This is one of my favorite activities in the world. I’ve been told I’m a really good listener and I tend to agree with the people who tell me that. To have someone you can just spill beans to whenever and know it won’t leave the room (whatever room it might be, physical, digital, etc.) is something special.

I am able to select 2 or 3 people I can spill my beans to. I’m appreciative of that. If you’re a frequent reader of this blog, you know my brain has some issues to iron out. It’s always good to bounce my frustrations out with someone and they can either relate to it or find some way to get me out of my current funk. As serious as they get, it has funny moments as well. It’s mainly because I get the opportunity to use my memory and talk about some great moments of the past. Even the specific details no one would remember.

As much as I pride myself in being a good listener, sometimes I wish people would abuse that quality of mine more. I know talking to someone about the things that trouble you require a great deal of trust between you and the person you’re talking to. It’s hard to come forward to someone you vaguely know. So to those who know me, let me listen! If all you want me to do is absorb your words, I’ll do it. I don’t have to say anything. Giving advice is not required in this type of talk, but I will say, deep talks are great when they go two ways.

Let’s figure out our problems together. We’re all friends here.

Friday, March 31, 2017

Productivity and Organization


I think we as humans in this day and age, it’s in our nature to procrastinate. There is no getting past that. With the improvement of technology, I think it helps us procrastinate even more. Or it just makes us look stagnant as we point and click to use the Facebook app.

We never seem to have enough time to do anything we want. Even the stuff we don’t want to do (like homework), there isn’t time for our brains to get working and get it done in a timely manner. We want to be productive, but the limited hours in the day just don’t allow us to do it all the time. As a high schooler it was what, 6-7 hours of classes, then if you were in clubs, band, chorus, or a sports team, that’s about 2-3 hours. By the time you get home, you’re rushing to eat and shower. When it’s time to do homework, either The Simpsons or American Idol is on, so you want that one hour of relaxation. When that’s done, you’re doing homework from 9pm to who knows when. It’s tough. College was probably even tougher. As much as you want to be great at academics, there are so many things you want to test your social boundaries with. Time is of the essence. Productivity is when you feel you’re getting the most out of your time. There is some undetermined time to productivity ratio with each activity and we all want to meet that. It’s hard. We’d rather be eating ice cream while sitting on the couch watching a soap opera.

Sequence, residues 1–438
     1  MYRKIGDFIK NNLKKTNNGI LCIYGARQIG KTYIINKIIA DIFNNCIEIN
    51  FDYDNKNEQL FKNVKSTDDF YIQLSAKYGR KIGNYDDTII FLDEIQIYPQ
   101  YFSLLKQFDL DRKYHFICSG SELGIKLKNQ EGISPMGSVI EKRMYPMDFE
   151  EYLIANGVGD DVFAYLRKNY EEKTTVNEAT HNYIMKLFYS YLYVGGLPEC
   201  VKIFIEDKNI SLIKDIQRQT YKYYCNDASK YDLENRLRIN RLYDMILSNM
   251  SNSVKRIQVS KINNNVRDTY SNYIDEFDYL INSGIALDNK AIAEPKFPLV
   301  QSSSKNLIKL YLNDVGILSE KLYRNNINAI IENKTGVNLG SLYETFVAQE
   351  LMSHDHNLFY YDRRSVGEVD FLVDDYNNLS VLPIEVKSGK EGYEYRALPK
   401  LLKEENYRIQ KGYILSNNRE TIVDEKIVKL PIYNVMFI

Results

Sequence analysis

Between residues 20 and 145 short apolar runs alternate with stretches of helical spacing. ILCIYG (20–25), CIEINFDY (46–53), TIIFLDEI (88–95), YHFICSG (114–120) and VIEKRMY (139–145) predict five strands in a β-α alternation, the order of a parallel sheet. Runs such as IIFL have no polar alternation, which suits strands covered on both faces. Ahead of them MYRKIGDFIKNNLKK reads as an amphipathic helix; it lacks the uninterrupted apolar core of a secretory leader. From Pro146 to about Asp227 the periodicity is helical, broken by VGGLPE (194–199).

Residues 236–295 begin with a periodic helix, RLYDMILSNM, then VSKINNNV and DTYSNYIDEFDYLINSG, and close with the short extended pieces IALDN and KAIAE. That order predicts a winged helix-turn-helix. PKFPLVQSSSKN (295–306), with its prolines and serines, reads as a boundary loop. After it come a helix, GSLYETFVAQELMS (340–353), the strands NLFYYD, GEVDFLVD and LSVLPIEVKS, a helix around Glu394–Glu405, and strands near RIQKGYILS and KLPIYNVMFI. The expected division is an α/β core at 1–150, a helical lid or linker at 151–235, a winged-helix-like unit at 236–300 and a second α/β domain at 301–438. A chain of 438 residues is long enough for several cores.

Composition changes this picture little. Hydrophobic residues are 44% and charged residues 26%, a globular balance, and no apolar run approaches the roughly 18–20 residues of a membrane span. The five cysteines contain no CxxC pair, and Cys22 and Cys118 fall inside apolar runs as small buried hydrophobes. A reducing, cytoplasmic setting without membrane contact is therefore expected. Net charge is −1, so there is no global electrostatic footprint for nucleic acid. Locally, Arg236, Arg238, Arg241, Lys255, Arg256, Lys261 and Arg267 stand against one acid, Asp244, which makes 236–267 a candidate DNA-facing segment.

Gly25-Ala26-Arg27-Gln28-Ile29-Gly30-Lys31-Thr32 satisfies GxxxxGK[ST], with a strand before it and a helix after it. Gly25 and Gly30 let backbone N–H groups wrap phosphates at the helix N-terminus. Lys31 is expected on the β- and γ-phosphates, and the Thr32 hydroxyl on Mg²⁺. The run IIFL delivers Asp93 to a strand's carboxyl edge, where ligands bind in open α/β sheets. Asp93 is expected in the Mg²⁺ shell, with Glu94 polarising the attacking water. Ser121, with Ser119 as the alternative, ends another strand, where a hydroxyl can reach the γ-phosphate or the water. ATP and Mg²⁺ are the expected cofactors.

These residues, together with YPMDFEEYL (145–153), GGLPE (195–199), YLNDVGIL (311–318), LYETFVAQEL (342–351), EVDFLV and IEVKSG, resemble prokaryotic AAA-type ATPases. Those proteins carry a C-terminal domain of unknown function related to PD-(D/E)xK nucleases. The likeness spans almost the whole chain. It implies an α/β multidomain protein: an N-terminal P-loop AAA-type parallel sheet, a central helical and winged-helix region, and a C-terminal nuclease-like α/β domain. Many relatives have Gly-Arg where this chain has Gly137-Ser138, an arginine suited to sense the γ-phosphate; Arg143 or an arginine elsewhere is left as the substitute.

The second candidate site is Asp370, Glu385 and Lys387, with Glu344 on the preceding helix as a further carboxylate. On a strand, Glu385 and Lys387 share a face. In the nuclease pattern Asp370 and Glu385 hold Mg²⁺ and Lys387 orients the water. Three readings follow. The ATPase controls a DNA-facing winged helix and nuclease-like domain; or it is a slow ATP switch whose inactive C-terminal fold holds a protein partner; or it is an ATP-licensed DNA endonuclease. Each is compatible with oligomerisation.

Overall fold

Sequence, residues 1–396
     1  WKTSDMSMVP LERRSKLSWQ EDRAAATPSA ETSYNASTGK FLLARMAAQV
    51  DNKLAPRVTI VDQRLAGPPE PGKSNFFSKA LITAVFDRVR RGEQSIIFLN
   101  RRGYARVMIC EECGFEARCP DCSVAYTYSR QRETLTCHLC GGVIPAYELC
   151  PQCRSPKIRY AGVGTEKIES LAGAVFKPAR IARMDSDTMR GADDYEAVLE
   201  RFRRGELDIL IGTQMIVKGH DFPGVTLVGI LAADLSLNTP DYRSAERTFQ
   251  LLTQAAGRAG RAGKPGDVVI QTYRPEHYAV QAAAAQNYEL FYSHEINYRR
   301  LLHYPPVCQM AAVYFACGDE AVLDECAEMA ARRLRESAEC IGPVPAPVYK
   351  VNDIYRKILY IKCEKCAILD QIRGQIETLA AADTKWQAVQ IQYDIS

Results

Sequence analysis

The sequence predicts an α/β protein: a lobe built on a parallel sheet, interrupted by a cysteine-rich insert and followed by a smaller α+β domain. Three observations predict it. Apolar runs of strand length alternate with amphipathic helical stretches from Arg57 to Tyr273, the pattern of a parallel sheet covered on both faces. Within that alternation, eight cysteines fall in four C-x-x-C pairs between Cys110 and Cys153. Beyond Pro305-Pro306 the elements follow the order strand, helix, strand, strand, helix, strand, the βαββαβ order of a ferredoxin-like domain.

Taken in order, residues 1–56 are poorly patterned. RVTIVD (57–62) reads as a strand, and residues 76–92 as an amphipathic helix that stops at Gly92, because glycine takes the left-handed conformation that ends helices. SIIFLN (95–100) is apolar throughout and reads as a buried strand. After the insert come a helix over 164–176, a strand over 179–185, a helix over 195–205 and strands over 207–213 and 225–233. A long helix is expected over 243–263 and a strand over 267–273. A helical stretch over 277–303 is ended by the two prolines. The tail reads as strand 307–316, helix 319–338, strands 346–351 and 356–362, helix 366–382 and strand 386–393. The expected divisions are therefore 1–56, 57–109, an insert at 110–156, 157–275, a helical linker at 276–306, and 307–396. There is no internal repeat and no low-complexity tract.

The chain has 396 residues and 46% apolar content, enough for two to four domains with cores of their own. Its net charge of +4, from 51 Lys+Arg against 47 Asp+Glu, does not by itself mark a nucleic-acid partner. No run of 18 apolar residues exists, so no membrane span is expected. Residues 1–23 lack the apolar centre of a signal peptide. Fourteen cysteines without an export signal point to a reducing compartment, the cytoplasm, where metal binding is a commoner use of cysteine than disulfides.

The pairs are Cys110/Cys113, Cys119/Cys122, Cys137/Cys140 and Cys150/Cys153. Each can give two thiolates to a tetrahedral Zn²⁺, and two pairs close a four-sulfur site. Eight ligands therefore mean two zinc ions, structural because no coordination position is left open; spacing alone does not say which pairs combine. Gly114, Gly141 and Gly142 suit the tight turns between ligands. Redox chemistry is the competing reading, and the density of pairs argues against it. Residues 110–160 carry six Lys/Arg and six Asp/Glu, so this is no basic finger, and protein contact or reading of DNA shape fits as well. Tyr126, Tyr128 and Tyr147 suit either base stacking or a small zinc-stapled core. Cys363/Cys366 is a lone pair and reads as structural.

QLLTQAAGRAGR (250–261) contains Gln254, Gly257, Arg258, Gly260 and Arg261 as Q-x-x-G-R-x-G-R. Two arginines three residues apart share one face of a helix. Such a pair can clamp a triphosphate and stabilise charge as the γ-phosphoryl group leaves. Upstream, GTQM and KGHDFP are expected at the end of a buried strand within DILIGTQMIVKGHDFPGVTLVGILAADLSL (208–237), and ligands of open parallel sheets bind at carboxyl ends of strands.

Organization is another thing. Being organized is an important part of being productive, I believe. It allows for less time to be wasted when you’re investing in an activity. Organization as it’s own quality, I think it’s important to have as a good practice. I see too many people with stacks of papers on top of their desks, looking for the set of notes they just took an hour ago. Or how they can’t recognize the clean clothes from the dirty clothes because they’re just sprawled all over their bedroom floor. To me, organization is important. It keeps me in check, helps me remember where things are. It’s something I pride myself in. It certainly helps with adapting to quick changes in work and life.

Be productive and organized. Don’t waste time. I’ve only got 15 years to live anyway.

Saturday, March 25, 2017

Time Management


This is one the important qualities to me. Managing what you do with your time is key because we really don’t have a lot of time to do anything, nowadays. It’s basically wake up, work, come home, two hours (roughly) of free time, then sleep. Repeat that for the days ahead.

When you have the time to do what you want, how do you organize that together so that your free time isn’t wasted? Fortunately, it seems as if your entire life was built on practicing how to properly manage your time. You continuously run through the motions to make sure your time is fully invested on what you want to do, instead of being a complete bore.

To me, time management is a process. It’s about listing the things I really want to do first, so that I know that the use of my time is a success. Sometimes it doesn’t always work out. I’ve mostly got into a funk where I’ve been too tired to use my free time and would rather just sit and be bored and attempt to nap. Though we all know I am mostly incapable of taking a nap at any point in the day. It takes a red eye flight and job interviews to get me to take a nap, which entails falling asleep while trying to eat my dinner.

I mean, at the time of writing this, I should probably be going to sleep, but instead, I’m here, writing some mindless babble. I’ll evaluate if it’s a good use of my time eventually.